The 26th SFIAAFF is proud to announce its 2008 award winners in the categories of Best Narrative Feature and Best Documentary Feature.
The Best Narrative Award is presented to the best feature-length narrative film by or about Asian Americans and Asian Canadians, as selected by a three-person jury that included independent filmmaker andplaywright Philip Gotanda, Gina Kwon, independent producer of projects including Miranda July’s You and me and Everyone We Know, and Academy Award winning screenwriter Iris Yamashita.
This year’s Narrative Competition consisted of 9 exciting new films,including 5 world premieres, that took on issues ranging from love and sex to table tennis. These films provoke, entertain and exhibit some ofthe best in Asian American cinema.
Congratulations to Amal, by director Richie Mehta, winner of this year’s Best Narrative Award. In this remarkable film debut, the director demonstrates anuncannily mature command of craft, story-telling and direction. In telling this classic tale of morality, the director has created aperfectly pitched film, full of wonderfully understated performancesand subtly beautiful moments.
For the Narrative Competition Special Jury Prize, the jurors feltthere were two films equally deserving the award. Both presented the best of independent filmmaking: the telling of stories full of heartand honesty; the dedication to portraying authentic worlds; and thecommitment to their specific visions.
Congratulations to Always Be Boyz, directed by Johnny Kwon, and Santa Mesa, directed by Ron Morales, this year’s Special Jury Prize winners in the Narrative Competition.
The Best Documentary Award is presented to the best feature-length documentary film by or about Asian Americans or Asian Canadians, asselected by a three-person jury that included Kathryn Lo, Associate Director of Program Development and Independent Film at PBS, Stanley Nelson, Bay Area-based documentary filmmaker, and Celine ParrenasShimizu, Associate Professor of Asian American, Film and Women’s Studies at UC Santa Barbara.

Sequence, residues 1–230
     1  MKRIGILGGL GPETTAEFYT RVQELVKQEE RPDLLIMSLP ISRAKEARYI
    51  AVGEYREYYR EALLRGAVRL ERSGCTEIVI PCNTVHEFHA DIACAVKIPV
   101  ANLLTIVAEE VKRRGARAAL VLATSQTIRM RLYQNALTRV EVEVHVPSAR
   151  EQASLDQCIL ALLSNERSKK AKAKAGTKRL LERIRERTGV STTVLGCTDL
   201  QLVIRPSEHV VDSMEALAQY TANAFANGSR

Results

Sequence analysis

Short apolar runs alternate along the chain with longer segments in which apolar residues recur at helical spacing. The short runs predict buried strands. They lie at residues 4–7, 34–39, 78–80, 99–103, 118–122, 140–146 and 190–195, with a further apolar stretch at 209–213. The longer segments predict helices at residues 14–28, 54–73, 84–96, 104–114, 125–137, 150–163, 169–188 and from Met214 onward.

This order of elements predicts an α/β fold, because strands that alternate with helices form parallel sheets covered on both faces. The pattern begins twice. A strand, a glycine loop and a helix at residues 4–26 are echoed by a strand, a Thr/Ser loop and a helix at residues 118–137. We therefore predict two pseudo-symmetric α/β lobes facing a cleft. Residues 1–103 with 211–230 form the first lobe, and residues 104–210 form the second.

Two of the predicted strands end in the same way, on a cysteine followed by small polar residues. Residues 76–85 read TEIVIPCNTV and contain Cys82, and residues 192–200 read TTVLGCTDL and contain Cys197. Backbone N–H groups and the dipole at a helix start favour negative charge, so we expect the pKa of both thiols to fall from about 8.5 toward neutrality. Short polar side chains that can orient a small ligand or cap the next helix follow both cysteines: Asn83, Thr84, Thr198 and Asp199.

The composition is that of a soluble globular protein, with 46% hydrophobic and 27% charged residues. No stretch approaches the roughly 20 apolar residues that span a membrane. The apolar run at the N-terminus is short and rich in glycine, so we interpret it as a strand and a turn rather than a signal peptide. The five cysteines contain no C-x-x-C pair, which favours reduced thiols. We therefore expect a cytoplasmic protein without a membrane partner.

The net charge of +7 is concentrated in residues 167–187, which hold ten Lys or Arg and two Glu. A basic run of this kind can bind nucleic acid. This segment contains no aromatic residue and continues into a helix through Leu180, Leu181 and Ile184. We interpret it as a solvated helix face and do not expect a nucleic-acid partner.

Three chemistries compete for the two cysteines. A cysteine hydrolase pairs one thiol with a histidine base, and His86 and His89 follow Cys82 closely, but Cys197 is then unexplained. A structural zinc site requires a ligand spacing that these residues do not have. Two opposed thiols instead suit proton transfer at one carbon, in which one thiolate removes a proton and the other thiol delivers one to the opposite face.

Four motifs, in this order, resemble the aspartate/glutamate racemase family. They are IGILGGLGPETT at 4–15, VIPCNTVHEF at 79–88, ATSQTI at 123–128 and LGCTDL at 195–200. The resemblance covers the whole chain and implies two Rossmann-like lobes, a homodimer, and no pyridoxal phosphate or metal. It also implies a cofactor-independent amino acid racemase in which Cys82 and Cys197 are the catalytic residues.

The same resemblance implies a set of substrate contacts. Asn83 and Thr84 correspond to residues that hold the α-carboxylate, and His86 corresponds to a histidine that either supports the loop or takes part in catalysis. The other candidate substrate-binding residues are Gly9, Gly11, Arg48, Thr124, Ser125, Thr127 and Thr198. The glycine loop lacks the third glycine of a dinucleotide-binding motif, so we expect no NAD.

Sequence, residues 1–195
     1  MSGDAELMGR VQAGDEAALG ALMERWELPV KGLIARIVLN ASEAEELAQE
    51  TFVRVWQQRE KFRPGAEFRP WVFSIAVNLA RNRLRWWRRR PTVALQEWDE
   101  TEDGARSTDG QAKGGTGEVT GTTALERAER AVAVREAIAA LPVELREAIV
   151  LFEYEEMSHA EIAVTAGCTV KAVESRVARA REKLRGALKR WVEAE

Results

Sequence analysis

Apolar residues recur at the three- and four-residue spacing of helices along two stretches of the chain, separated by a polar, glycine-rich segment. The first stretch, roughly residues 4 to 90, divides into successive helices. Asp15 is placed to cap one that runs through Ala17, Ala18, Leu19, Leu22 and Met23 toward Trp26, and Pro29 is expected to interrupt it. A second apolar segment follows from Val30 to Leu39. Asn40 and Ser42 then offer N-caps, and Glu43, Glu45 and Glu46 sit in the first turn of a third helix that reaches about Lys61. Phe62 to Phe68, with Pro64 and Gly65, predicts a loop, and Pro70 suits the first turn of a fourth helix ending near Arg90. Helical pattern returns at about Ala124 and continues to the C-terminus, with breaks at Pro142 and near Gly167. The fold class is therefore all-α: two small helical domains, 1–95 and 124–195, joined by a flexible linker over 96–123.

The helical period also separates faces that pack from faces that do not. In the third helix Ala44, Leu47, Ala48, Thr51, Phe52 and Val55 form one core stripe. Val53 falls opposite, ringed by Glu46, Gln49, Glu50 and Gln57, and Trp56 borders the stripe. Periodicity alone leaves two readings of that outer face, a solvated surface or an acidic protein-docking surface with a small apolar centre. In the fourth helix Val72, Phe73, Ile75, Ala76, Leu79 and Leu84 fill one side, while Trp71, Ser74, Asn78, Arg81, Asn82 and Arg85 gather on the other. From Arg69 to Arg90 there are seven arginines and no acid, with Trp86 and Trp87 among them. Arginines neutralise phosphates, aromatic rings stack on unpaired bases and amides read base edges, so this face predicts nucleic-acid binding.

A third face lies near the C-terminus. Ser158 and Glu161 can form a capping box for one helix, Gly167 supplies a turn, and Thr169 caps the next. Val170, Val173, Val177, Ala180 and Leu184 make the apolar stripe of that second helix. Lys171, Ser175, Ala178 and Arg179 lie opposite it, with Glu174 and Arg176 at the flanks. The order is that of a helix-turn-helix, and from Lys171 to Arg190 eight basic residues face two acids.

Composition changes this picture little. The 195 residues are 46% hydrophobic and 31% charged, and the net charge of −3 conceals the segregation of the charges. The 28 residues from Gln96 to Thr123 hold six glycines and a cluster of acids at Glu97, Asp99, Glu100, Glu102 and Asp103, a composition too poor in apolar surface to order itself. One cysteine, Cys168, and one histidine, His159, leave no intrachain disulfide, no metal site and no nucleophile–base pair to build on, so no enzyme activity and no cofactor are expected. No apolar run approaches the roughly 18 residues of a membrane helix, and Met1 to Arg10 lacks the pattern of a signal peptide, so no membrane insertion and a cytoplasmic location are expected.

This year’s Documentary Competition included seven documentaries that explored some of the most pressing and intriguing issues in AsianAmerica. Far-reaching, personal, uplifting and thought-provoking, these select films prove themselves heavy contenders in the genre of documentary filmmaking.
Congratulations to Planet B-Boy, directed by Benson Lee, this year’s Best Documentary Award winner.
Planet B-Boy combines form and content to tell a story that is constantly entertaining and exciting. A story that gets at universaltruths while dancing it’s way to our hearts. For the Documentary Competition Special Jury Prize, the jury chose afilm that tells the story of Kamikaze pilots during WWII in a way thatis both universal and personnel. A film that brilliantly uses archivalfootage, animation and interviews to tell this harrowing and remarkablestory. Congratulations to Wings of Defeat, directed by Risa Morimoto, winner of this year’s Special Jury Prize in the Documentary Competition.